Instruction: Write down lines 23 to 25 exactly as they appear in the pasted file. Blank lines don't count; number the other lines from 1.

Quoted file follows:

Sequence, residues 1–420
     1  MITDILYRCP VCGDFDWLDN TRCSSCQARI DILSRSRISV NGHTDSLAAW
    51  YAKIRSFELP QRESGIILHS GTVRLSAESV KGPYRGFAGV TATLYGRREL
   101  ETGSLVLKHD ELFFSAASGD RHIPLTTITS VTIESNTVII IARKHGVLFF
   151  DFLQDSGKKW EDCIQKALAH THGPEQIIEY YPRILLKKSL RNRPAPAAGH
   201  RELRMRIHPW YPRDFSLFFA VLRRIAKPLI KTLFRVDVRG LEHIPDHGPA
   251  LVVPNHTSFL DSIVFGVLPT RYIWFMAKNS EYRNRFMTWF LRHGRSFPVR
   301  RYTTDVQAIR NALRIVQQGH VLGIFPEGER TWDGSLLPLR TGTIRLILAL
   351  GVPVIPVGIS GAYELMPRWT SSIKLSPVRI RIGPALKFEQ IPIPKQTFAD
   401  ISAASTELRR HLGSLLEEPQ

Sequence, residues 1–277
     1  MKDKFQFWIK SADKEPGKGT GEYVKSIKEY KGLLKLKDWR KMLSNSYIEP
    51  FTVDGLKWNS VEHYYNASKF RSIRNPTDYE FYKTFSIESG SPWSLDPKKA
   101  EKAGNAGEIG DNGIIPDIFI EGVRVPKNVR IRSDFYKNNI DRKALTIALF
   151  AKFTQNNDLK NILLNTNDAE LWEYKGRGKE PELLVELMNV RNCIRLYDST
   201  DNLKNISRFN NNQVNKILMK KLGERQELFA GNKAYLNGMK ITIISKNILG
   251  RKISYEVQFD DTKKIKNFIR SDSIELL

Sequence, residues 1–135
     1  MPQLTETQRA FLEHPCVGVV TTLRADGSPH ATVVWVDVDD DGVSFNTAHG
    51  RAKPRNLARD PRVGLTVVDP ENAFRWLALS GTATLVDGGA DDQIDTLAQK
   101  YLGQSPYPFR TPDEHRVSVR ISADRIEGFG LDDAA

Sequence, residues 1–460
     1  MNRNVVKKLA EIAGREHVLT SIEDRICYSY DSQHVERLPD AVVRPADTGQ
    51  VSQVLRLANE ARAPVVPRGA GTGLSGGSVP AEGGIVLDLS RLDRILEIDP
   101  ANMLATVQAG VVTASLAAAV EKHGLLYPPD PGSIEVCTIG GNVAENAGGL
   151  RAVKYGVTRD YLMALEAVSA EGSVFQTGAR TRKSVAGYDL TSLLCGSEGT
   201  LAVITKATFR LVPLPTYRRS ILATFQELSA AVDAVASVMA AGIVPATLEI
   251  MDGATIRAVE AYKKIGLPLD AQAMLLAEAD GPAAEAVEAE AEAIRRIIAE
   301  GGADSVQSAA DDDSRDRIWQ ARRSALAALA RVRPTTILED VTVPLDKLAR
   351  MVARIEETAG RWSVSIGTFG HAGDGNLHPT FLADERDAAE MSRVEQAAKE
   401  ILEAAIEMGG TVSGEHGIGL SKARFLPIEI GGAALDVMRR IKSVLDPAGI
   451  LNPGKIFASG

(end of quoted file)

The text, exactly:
     1  MNRNVVKKLA EIAGREHVLT SIEDRICYSY DSQHVERLPD AVVRPADTGQ
    51  VSQVLRLANE ARAPVVPRGA GTGLSGGSVP AEGGIVLDLS RLDRILEIDP
   101  ANMLATVQAG VVTASLAAAV EKHGLLYPPD PGSIEVCTIG GNVAENAGGL